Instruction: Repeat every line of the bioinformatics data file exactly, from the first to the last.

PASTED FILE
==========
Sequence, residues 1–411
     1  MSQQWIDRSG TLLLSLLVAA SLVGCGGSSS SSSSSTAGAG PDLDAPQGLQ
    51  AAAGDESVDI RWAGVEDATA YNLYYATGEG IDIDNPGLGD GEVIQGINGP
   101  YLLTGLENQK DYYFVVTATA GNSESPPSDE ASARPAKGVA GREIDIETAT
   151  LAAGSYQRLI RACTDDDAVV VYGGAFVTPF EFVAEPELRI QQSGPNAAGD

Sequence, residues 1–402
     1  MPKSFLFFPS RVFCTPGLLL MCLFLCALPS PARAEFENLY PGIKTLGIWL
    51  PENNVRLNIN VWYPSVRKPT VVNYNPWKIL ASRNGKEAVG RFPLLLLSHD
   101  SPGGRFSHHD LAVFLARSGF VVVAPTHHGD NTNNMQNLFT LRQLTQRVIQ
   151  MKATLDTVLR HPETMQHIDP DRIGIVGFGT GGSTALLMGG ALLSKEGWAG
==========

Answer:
Sequence, residues 1–411
     1  MSQQWIDRSG TLLLSLLVAA SLVGCGGSSS SSSSSTAGAG PDLDAPQGLQ
    51  AAAGDESVDI RWAGVEDATA YNLYYATGEG IDIDNPGLGD GEVIQGINGP
   101  YLLTGLENQK DYYFVVTATA GNSESPPSDE ASARPAKGVA GREIDIETAT
   151  LAAGSYQRLI RACTDDDAVV VYGGAFVTPF EFVAEPELRI QQSGPNAAGD

Sequence, residues 1–402
     1  MPKSFLFFPS RVFCTPGLLL MCLFLCALPS PARAEFENLY PGIKTLGIWL
    51  PENNVRLNIN VWYPSVRKPT VVNYNPWKIL ASRNGKEAVG RFPLLLLSHD
   101  SPGGRFSHHD LAVFLARSGF VVVAPTHHGD NTNNMQNLFT LRQLTQRVIQ
   151  MKATLDTVLR HPETMQHIDP DRIGIVGFGT GGSTALLMGG ALLSKEGWAG